Stowage is located within both the helm and port consoles, accessed through doors in the bow walk-thru. To port, find a glovebox and cooler topside. Between the chairs sits a ski locker. It features removable (yeah!) carpet for padding, as well as a pneumatic strut on the lid to hold it in the open position. Trust me, it’s appreciated. I often resort to using a boat hook to prop open the compartment on my boat.

I initially subtracted points for the lack of an attachment point for the walk-thru windshield when in the open position, but Stingray reps indicate it will be included in production. That’s a good thing, as an unsecured window can hit a passenger in the head in rough seas or a hard corner.

bow of a stingray bowrider

The bow of this bowrider offers easy access to the beach, as well as a dedicated ladder/anchor locker.

Continue into the bow cockpit and you’ll note the typical parallel lounges, with carpeted stowage below and padded coaming bolsters. Two steps enable access on and off the bow. The lower features a hinged, nonslip lid covering an insulated cooler that drains to the bilge. The upper features a similar cover for the combination anchor/ladder locker at the bow. Clips accommodate a Danforth-style anchor to keep it from banging around within. The ladder is purposely left as only a two-step to prevent a careless captain or crew from snapping it off while nosing into the beach.

The Wolf Within
As I alluded to in a behind-the-scenes Stingray Testing Blog post, conditions on our test day were far from what you would call ideal boating weather. In fact, it was just plain lousy. Morning temperatures were in the 40′s, the wind was howling, and the rain was pouring. Still, the 198 LX managed to impress. With a 220-hp MerCruiser 4.3 MPI, the boat posted a speedy 3.0-second time to plane, 7.4-second time to 30 mph, and a 58.2 mph top speed. In a recent Boathouse Bulletin engine test Mercury technicians recorded similar acceleration numbers, and a 59 mph top speed in better conditions.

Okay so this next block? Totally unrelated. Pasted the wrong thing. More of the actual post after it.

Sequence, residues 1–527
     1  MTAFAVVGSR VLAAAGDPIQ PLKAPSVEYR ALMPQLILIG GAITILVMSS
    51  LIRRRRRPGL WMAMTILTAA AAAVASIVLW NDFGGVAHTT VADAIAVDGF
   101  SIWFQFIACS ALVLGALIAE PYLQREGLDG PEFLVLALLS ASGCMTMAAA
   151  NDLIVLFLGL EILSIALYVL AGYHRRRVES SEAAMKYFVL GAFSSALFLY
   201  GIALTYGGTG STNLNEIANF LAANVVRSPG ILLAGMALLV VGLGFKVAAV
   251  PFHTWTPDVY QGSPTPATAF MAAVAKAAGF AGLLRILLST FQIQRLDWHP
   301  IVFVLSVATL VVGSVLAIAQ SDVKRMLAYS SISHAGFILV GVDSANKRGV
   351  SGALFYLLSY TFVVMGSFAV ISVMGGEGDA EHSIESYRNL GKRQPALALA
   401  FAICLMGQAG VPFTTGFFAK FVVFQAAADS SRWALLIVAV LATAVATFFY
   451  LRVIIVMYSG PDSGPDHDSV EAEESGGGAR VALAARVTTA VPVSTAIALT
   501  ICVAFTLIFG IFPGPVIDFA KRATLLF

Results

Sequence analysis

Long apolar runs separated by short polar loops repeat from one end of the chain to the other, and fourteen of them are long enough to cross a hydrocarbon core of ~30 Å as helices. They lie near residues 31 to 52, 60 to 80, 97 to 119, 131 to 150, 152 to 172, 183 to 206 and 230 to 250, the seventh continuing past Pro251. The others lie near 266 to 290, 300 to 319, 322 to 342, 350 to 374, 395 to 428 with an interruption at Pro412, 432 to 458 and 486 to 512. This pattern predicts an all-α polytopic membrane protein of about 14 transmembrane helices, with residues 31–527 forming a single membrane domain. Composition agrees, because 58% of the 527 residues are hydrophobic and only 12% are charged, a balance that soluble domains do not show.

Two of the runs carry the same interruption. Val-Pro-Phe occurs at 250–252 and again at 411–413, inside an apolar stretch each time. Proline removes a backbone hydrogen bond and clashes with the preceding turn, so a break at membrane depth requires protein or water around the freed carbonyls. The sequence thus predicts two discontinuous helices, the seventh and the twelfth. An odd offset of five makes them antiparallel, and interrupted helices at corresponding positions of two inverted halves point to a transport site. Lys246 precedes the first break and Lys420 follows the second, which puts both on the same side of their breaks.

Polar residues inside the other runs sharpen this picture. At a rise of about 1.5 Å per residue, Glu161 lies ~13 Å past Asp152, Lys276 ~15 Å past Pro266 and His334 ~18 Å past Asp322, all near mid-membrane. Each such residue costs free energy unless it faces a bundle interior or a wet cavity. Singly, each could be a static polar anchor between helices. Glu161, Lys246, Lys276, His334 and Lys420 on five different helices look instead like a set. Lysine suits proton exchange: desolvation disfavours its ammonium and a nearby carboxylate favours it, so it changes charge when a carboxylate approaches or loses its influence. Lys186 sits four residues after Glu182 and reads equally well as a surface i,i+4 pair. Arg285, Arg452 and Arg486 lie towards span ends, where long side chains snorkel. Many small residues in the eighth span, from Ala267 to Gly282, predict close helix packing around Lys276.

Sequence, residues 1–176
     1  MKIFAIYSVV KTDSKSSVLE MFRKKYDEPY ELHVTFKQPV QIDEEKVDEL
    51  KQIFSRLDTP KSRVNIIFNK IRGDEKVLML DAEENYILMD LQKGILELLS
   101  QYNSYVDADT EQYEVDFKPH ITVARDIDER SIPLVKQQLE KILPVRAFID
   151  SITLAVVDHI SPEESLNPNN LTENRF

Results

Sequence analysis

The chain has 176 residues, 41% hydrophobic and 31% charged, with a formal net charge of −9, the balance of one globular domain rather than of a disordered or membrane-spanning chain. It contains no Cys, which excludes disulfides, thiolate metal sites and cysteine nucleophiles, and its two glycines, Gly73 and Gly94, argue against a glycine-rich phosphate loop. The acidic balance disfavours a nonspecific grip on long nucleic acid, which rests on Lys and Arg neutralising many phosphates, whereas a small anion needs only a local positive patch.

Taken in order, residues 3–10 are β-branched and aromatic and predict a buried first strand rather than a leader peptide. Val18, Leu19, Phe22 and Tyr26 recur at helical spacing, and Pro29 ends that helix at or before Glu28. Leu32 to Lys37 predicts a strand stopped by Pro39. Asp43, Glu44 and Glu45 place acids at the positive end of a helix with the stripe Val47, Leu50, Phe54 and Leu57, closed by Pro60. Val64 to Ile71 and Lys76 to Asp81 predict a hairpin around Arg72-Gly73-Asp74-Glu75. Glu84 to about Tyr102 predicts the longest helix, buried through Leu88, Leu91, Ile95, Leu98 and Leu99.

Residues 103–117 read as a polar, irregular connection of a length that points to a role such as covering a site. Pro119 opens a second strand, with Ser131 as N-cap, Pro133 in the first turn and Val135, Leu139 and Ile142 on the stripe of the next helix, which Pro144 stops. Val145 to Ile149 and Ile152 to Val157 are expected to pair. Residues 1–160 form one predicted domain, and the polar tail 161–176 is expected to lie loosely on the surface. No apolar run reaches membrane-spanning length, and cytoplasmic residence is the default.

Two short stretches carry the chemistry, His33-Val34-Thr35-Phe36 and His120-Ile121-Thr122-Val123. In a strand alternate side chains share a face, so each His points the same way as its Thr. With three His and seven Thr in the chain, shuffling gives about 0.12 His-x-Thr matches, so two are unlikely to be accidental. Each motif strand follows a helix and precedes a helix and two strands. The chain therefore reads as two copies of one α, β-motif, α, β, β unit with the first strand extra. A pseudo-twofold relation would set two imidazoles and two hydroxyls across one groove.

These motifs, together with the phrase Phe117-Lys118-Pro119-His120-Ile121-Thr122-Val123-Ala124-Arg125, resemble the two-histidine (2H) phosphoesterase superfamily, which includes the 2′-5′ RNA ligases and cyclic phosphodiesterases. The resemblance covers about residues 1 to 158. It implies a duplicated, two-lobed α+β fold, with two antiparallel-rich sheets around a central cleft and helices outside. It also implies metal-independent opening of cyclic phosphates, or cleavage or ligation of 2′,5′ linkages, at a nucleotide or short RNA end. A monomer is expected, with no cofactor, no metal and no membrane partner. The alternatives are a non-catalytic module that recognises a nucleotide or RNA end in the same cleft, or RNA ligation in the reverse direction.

Specifications
Length 19’9″
Beam 7’10″
Max. Draft 3’2″
Deadrise 19 degrees
Weight 2,662 lbs
Fuel capacity 34 gal.

Let those numbers sink in for a moment. That’s impressive acceleration and a nearly 60 mph top speed… from a 4.3-liter engine. More numbers of interest? At a comfortable 25-30 mph cruising speed, you’ll be burning no more than six or seven gallons an hour. At full throttle, less than 17 gallons per hour. Getting plenty of speed from a smaller, more economical engine has become the Stingray way.

A good part of the reason is likely Stingray’s trademark Z-Plane hull. Rather than conventional strakes, it features overlapping planes. They lay much like the shingles on a roof, or the panels in a set of closed Venetian blinds. Punch the throttle and those horizontal surfaces act as planing areas; reach speed and they become spray releases. According to Stingray, the Z-plane design delivers a smoother flow of water to the prop. A notched transom also lessens drag by allowing the drive to be mounted higher.